After the breakfast, we took off from Scuol direction Martina, via brief drive through Austria to Italy. If I would not consult the map, I would barely noticed the border crossing, because there was no passport control on neither of the Switzerland-Austria or Austria-Italy border. You will not really notice that you have left Switzerland either, unless you notice the prices on gas stations being suddenly in Euro. And you will definitely not notice you are in Italy for quite a some time as the villages will still look very German (or Austrian, if you wish), with signs in German (and often in gothic Schwabach letters). This region – south Tirol aka Sud-Tirol aka Trentino – Alto Adige – is ethnically and historically part of Austrian empire and is part of Italy for less than 100 years.
The drive through the Sud-Tirol is worth every gallon of gas. You go down for hours, meandering through the valleys with apple orchards everywhere. Never in my life I have seen so many apple trees. My wife was tried to take a picture of some them. Judging by amount of of images on the card, she must have missed at least half of them :-).
After few kilometers, the endless apple orchards start and continue until (almost) Lago di Garda and Verona, later on intermixed with grapes, peaches and plum trees.
At the gas station where we stopped for lunch break, I had my first of many coffees – the Italian way. The minuscule cup contains about 30 drops of oily liquid – coffee – that contains about as much caffein as three extra large Tim Hortons mugs. And costs about the same as three Tim Hortons … Here we also saw parking the Italian way.
We had no reservation for this night, and planned to stay in Verona, so our first concern was to find a hotel. For all other nights we had reservations and new exactly where to go. It was easier than expected: on the way from highway exit to Verona Nord, following the Google directions towards Verona Centro, we first saw the signs of the Hotel Elefante and after about 4 km the hotel itself. At the first sight, it was not very appealing, but we decided to stop and try it out. I am happy we did. The hotel’s inside was very nice and charming – located on fairly large lot, with huge garden, it has in addition to main 2 story building about 5 or 10 small bungalows around the lot. Very cosy and welcoming, with excellent breakfast buffet and peacocks in the garden.
We unloaded the luggage, got the map and directions from the receptionist (who btw spoke very good English) and drove to Verona. We parked where she recommended and walked to historical downtown. How wonderful beginning of the Italy trip. Verona is small, friendly, clean. At the centre of the city is very nice piaza with over 2000 year old Arena – an amphitheater from the Roman Empire, used to host opera performances in the summer. The repertoire is obviously Italian opera (so if you are a Wagner buff, too bad – sorry Ivan L., you will not like the programming). On the night of our visit they performed Verdi’s Nabucco.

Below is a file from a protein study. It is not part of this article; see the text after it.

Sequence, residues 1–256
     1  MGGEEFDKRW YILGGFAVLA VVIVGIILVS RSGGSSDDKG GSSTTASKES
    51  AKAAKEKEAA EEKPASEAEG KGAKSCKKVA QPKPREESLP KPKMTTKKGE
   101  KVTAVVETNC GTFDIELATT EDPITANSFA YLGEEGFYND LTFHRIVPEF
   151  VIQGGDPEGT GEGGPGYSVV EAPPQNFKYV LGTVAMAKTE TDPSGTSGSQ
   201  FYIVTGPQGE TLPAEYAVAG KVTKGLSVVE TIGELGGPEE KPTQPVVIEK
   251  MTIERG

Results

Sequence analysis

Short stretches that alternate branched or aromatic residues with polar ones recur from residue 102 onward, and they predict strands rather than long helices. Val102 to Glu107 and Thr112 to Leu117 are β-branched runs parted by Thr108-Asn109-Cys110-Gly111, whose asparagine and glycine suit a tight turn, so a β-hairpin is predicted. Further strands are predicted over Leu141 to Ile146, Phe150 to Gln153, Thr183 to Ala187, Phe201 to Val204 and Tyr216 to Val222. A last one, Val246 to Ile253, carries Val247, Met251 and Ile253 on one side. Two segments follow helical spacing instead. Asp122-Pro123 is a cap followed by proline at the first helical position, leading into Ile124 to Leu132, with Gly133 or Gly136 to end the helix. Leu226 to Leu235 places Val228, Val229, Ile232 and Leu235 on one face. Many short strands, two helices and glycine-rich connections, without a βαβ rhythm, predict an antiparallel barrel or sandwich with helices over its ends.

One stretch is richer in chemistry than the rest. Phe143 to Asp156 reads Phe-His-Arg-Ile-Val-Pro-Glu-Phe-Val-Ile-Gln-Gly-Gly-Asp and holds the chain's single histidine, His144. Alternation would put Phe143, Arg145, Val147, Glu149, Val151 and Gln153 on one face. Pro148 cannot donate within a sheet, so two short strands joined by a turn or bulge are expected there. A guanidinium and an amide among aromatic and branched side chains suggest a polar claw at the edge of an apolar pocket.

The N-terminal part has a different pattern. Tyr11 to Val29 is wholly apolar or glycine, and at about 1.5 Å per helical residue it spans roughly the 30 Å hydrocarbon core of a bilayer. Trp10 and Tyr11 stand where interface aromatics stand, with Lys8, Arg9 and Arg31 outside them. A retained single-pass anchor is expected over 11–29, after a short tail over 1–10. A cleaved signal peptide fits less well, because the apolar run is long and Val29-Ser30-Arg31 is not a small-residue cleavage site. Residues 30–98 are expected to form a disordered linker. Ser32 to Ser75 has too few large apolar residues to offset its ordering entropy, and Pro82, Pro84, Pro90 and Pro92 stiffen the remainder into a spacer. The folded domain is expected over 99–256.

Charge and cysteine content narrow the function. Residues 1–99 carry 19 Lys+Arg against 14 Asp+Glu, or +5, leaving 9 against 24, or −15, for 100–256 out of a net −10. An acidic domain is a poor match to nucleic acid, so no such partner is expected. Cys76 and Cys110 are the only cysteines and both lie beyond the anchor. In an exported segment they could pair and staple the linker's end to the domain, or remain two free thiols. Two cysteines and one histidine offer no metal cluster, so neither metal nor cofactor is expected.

Tickets to arena performances are very expensive – they range (for better seats) from 100 to 300 Euro. You can buy them in front of arena, and there were several people selling them. We were extremely lucky to find a gentlemen with very British accent trying to get rid of single ticket for the staircase for just 25 Euro. Should he have more, we would all be seeing Nabucco – this way, only the most devoted opera fan from our family – my wife – went to see it, while me and Silvana went for a walk through the evening Verona. We saw the Juliet’s balcony, many beautiful streets, visited few bookstores, went for some gelato and coffee and returned back to nicely illuminated arena.
From what I heard from Darina, the opera was an amazing experience. The seat she had did not have the best acoustics – which was to be expected with that price tag. She did not mind, as she saw Nabucco well over 50 times and knows the music and text by heart – but the atmosphere of the place was very powerful. Unless you really cannot stand opera, this is something worth trying during summer in Verona. The less expensive tickets needs to be booked well ahead (several months) as they go very quickly.
We have returned around midnight, tired but very happy about the lucky coincidence. So far – Verona is nicest Italian city we have seen (including all previous trips)
What a start.